Sometimes I spin in a different direction as well. I genuinely like many of the people with whom we share a category. I love and admire their work. I want to be delighted and happy for them when they win. I had that once. When Phil and Kadja Foglio won in 2009, I honestly felt nothing but delight and relief. The worms of self-doubt came later, after we returned home. Unfortunately my mental landscape regarding the Hugos has become more self aware since then. Other emotions will be present as well as delight. Then there is the horrible/hopeful possibility that we might win. This would obviously make us very happy, but it would also mean that these other people whose work I admire have to suffer through the transformation of hope into self doubt. I don’t want that for them any more than I want it for us. Yet I wouldn’t wish any of us off the nominee list. Because being nominated is truly an honor and a joy. It is a validation of all the hours of hard work. I want to have that. I want these people I like and admire to have that. I am also very aware that I have other friends who would give up much to be on this ride. Many of them do work which is more worthy than ours, I must not be ungrateful for the gift of this trip.
Mary Robinette Kowal once wrote a marvelous post about auditions and rejections. In that post she said:
Granted, every person is different, but for the most part the mentality going into an audition is that it doesn’t matter. I mean, you want it. You want it badly sometimes, but there’s this mental adjustment you have to do in order to survive the audition process…I’m a normally rational person, around auditions I get very skittish and superstitious about jinxing things by talking about it. As I said, my brain is not rational about this. There’s this whole variety of things that I have to do to convince myself that the results of the audition don’t matter when, of course, they do… Just don’t wish me luck for an audition. It will make me think about landing the part. It will make me hope. I can’t afford that.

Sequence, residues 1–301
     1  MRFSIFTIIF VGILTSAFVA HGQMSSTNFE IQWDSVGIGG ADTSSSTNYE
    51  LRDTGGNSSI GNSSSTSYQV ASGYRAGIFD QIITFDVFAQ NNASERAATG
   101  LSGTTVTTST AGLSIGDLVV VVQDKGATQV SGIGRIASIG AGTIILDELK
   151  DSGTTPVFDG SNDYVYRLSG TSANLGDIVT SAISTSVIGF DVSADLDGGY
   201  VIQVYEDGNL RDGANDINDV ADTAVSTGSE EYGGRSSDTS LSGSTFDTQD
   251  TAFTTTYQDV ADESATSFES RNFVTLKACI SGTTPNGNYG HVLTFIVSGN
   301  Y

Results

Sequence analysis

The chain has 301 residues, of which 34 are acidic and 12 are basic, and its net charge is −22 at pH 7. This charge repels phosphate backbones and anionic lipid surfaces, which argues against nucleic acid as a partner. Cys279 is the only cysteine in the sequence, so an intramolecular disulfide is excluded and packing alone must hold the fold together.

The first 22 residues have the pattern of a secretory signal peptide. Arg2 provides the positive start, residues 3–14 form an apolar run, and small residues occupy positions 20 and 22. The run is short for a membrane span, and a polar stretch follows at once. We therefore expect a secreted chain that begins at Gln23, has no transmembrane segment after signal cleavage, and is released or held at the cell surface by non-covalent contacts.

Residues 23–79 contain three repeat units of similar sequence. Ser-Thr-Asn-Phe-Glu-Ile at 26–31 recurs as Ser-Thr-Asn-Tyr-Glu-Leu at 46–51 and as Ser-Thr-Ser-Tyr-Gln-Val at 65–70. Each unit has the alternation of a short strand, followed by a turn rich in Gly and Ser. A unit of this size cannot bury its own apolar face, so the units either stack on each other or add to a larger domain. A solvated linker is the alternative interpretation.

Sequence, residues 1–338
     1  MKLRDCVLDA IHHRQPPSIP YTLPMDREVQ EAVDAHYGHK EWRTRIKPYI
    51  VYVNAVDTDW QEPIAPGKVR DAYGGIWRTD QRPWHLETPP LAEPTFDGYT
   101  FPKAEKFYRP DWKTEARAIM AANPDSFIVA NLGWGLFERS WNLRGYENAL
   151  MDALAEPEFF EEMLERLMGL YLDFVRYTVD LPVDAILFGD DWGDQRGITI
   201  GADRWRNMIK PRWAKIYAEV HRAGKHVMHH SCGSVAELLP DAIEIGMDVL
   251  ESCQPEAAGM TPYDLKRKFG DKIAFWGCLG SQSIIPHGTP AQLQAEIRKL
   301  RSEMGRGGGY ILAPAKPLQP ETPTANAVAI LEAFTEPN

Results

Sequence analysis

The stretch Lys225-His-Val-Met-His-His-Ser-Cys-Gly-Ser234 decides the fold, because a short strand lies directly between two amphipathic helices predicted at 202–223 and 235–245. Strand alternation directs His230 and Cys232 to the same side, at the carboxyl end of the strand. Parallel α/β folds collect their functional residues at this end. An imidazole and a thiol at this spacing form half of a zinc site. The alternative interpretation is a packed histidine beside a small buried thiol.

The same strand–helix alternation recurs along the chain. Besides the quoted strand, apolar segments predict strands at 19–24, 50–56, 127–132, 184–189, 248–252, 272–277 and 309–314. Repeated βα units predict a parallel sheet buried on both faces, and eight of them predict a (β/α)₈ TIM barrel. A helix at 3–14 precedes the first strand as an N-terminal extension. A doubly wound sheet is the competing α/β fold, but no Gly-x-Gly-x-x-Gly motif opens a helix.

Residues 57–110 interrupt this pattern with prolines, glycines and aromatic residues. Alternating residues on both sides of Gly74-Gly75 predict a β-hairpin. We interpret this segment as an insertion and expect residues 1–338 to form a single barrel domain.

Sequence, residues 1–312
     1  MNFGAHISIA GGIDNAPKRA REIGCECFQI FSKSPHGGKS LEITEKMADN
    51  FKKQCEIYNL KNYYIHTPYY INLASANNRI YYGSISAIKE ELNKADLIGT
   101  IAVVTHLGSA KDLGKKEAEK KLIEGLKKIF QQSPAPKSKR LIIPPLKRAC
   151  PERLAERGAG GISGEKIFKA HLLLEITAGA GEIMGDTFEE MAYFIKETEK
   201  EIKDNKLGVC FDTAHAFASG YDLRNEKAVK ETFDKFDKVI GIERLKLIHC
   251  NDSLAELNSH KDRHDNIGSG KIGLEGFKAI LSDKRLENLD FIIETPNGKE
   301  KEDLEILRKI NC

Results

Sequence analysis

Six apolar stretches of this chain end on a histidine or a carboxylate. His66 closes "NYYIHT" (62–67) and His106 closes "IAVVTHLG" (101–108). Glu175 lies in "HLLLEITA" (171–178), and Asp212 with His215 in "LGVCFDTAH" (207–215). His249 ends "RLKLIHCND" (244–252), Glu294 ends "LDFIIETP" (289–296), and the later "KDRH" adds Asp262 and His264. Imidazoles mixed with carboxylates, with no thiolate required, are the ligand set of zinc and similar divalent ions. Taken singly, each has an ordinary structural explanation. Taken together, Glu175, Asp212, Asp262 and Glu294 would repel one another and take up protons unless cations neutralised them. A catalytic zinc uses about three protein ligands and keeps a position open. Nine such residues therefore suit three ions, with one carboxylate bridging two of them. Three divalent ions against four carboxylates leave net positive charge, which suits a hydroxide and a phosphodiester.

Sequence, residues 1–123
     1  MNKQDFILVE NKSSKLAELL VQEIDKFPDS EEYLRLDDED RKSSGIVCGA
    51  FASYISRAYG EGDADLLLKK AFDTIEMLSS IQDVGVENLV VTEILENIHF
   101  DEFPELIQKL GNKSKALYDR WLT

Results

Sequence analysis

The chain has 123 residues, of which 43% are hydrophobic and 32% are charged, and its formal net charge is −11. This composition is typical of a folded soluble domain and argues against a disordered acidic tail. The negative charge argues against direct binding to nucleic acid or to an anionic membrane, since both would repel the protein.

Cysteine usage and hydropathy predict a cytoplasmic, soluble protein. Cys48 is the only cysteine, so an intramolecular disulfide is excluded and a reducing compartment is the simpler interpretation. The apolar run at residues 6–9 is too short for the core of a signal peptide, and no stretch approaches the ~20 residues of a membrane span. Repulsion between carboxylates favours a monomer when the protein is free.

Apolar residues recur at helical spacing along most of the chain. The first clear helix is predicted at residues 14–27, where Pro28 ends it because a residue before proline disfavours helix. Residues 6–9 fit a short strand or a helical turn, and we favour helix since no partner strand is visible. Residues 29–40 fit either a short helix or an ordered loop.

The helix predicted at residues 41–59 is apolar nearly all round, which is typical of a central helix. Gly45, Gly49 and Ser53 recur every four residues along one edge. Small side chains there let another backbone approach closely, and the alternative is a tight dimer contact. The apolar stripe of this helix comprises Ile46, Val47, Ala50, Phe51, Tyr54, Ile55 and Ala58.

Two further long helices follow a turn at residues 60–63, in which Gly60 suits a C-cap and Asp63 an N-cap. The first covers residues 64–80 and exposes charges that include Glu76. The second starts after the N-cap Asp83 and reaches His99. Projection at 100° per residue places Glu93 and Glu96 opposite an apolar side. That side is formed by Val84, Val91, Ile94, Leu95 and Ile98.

The emotional arcs and mental hi-jinks that Mary describes are spot on for my Hugo mind state. The primary difference is that the polite wishing of luck is actually positive for me. I can say thank you and move onward knowing that this person counts in the score of people who believe the work is worthy. I tuck the kind thoughts into my pocket and use them later to deflect the inevitable barrage of self doubt. What is really hard is when friends or fans give detailed and logical reasons for why Schlock Mercenary or Writing Excuses ought to win. Also hard is any sort of analysis which explains why the other nominees have an advantage. I know these analyses are part of the fun for Hugo voters. They love to get in and argue for their favorites. They love to crunch numbers and talk probabilities. I don’t want to spoil the fun, but I don’t want to see it. Faced with an analysis of our Hugo categories, I want to shout the Han Solo line “Never tell me the odds!” These sorts of analysis feed and multiply the hopeful thoughts. Too many hopeful thoughts accumulated together can make me believe that we are somehow entitled. I don’t want to be that person. Howard does not want to be that person. And neither of us want to be swamped by despair when all those hopeful thoughts are transformed into self doubt.
Mostly we’re trying to think about other things between now and August. Fortunately we have many things planned. We have plenty of things to focus on besides our ride in the Happy Fun Anxiety Barrel.
Addendum: It is worth noting that the emotional trip triggered by Hugo nomination has many similarities to trips triggered by the usual submission and rejection process for writing of all kinds.